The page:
You could go to a fabric store and buy silk, but I prefer crepe material, light, and does not wrinkle. My experience with fabric store silk is, it the correct thickness, but the colors are pale, as they are available for women's clothing. Sew or French hem a thin high quality lining material on the back and you will have a nice foulard. Crepe material come in nice colorful designs as well. There is silk crepe, cotton crepe and mixed blends crepe. Your choice. Make it 30 inches by 30 inches so the ball will be in the middle of the foulard.

Contact General Grant for a great gimmick to use for the Viking Zombies. Note that they do not provide a gimmick, only the ball. Rings and Things 2, still make the original regular gimmick at a reasonable price. Look them up.

I don't know if they are still available, but you can visit ladies dress shops as well. They have large head and accent scarves with vibrant colors and designs that work perfectly as a foulard.

Norm Nielsen, famous for his floating violin uses foulards that match with his costume suites. I have see brown, blue, black, and some other colors he has specially made.

There are varying opinions whether to have a foulard with designs or plain, they are just opinions. Go with what you like. some say to have a border of a different color, and again, it is only their opinion.

To keep a Zombie bright and nice looking, just keep it in a nice cushioned bag. The balls usually have a clear coat on them, and do not need polishing. I did polish a Zombie one with a buffing wheel and rough. Took a long time to polish, but it never dulled if kept in a bag in the house in a trunk. I suppose if you expose it to the elements, hot, cold, rain, snow, it could get the oxidation on it. I have never mistreated my magic props by exposing them to the elements. I do not suggest putting them in a garage, or attic, or a non-temperature controlled storage unit. If they are exposed, a Ziploc bag with all the air removed is best to store for long periods of time. Except, the plastic can melt and crack in extreme conditions.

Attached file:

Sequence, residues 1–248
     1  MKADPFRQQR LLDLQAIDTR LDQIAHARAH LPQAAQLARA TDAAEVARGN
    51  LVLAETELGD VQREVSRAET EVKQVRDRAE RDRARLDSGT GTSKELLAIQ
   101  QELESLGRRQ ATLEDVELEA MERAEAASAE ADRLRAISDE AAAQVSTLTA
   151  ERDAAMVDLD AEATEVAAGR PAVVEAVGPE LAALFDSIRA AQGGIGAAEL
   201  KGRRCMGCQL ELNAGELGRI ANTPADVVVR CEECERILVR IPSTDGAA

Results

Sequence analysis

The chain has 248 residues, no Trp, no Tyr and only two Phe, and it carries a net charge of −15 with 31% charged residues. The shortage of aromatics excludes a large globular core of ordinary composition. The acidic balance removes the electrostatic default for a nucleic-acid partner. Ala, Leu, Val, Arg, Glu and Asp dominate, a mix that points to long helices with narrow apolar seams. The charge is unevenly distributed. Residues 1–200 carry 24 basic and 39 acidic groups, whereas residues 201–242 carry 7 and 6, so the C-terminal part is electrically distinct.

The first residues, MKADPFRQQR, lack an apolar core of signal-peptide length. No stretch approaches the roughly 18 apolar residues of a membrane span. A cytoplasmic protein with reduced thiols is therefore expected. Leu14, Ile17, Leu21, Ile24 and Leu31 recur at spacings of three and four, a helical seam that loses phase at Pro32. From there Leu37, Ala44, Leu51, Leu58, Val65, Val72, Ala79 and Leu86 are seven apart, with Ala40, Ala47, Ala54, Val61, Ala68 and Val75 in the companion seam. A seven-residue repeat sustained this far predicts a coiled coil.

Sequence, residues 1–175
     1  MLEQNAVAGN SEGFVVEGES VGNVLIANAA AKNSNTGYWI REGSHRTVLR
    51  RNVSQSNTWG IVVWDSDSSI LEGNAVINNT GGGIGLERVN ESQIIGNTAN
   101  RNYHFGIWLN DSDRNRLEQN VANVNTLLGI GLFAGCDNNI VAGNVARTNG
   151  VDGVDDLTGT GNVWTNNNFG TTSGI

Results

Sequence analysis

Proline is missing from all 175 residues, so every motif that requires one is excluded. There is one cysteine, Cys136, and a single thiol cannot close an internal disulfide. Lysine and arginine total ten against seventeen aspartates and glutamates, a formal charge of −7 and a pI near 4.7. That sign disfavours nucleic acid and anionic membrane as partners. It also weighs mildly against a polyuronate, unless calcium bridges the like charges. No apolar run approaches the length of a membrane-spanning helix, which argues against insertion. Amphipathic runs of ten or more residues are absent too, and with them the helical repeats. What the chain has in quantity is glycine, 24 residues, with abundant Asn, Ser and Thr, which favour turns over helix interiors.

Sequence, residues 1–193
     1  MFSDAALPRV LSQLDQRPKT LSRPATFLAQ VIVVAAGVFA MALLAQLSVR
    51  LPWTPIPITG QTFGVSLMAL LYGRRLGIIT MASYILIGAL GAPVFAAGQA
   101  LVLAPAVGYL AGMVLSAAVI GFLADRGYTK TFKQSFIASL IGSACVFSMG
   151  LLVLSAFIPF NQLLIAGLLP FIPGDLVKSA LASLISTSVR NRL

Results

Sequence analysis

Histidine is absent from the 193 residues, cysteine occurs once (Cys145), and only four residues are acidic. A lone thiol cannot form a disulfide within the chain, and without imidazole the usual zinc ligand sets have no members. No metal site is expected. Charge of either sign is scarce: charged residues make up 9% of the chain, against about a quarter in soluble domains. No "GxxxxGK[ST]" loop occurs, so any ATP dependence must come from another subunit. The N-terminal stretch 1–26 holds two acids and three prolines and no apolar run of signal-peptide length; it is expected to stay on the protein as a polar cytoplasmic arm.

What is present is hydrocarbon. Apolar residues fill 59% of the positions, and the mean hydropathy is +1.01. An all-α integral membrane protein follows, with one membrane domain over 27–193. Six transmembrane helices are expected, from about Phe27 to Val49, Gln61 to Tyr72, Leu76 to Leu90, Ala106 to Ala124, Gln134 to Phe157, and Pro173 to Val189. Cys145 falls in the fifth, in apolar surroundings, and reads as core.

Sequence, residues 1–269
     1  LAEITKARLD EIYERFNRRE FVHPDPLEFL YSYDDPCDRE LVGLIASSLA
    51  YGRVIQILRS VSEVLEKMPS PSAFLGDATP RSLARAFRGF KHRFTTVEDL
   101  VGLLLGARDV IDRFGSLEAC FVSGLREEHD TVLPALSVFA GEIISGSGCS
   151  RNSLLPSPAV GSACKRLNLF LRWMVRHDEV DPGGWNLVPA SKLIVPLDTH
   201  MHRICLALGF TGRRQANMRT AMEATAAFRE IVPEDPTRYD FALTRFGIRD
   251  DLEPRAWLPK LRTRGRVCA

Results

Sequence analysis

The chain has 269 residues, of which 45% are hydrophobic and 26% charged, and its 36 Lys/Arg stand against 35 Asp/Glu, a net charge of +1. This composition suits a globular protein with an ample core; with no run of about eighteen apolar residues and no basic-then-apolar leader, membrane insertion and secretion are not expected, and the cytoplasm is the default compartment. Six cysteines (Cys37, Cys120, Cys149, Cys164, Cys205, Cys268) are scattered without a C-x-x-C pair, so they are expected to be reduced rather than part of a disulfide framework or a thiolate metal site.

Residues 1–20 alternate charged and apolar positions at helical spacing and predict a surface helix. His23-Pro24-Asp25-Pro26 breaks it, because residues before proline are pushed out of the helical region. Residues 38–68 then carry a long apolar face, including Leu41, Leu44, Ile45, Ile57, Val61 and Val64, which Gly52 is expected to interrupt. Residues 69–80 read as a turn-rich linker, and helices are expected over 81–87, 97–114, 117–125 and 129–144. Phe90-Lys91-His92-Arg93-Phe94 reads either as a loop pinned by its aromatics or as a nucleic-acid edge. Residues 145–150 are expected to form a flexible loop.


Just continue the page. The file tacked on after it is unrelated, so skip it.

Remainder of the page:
Message: Posted by: Frank Simpson (May 20, 2014 05:44PM)
Many years ago when I was using my zombie as a feature in [i]The Nutcracker[/i] (I played Uncle Drosselmeyer and the zombie was a magical tree ornament) the choreographer's husband had posession of the ball to rig it to the tree. Without my knowledge (or permission) he polished the ball using a product called Simichrome. Fortunately for him it did a beautiful job and made the ball positively glisten. Since then I've used Simichrome on it about every seven or eight years. It really does not need it often, but I've always been satisfied with the results.
Message: Posted by: karnak (May 20, 2014 07:21PM)
Thanks for all the helpful (and insightful) tips!
Message: Posted by: QuailCreek (May 28, 2014 08:27PM)
I was searching for information on zombie because I wanted to determine which DVDs I wanted to get and which ball to pick up. I have a ball that I bought in a little magic shop in Michigan were I grew up. That was in 1969. It wasn't a big decision I just bought what the old guy, Rommig, sold me. I just went and looked at it and although the ball and the stand are not hallmarked I still have the original box. Ya... I know but I tend to take good care of my props. ;-) Anyway it turns out that it's an original RNT. The box says RNT Zombie-S. Does anyone know what the S stands for? Stainless maybe.

Also Walt, you said earlier in this thread that you suggest getting a gimmick from Jim Sommers via Klamm Magic. I looked but I didn't see the gimmick listed. They have a ball and gimmick for $27. It this the gimmick you're talking about?
Message: Posted by: Wizard of Oz (May 28, 2014 08:39PM)
The S may also be for "small" as I believe RNT made more than one size. But, I also think they made aluminum and stainless, so you may be right. This is only conjecture on my part. I know there are some RNT experts out there.
Message: Posted by: QuailCreek (May 28, 2014 08:49PM)
Thanks Wizard. It's about 4" diameter.
Message: Posted by: Stevethomas (May 28, 2014 08:57PM)
While not truly a zombie, I think the item being sold these days called "The Thing" is an awesome version.

Message: Posted by: Fabian99 (Jun 13, 2014 03:51PM)
The best one is sold by Magic Wladimir great great stuff
Message: Posted by: illusions & reality (Jun 15, 2014 10:04PM)
Hi Tom,

I own several original RNT zombie balls. There is only one size, and they are all aluminum. The "S" stands for silver, as they were available in either gold or silver. I too have my original boxes! :). Hope that helps.

Message: Posted by: QuailCreek (Jun 16, 2014 12:22AM)
Thanks for the information, Lou. I appreciate you filling me in.
Message: Posted by: illusions & reality (Jun 17, 2014 12:38AM)
Glad to help. :)
Message: Posted by: Dougini (Jun 17, 2014 11:49AM)
Welcome to the Café, Fabian! :)

Do you own one, Fabian? I see the 7.87 inch one here for 90Eur...


...and the 5.7 inch one here for 60Eur...


What make this model the "best"? Yes, facts do help a lot.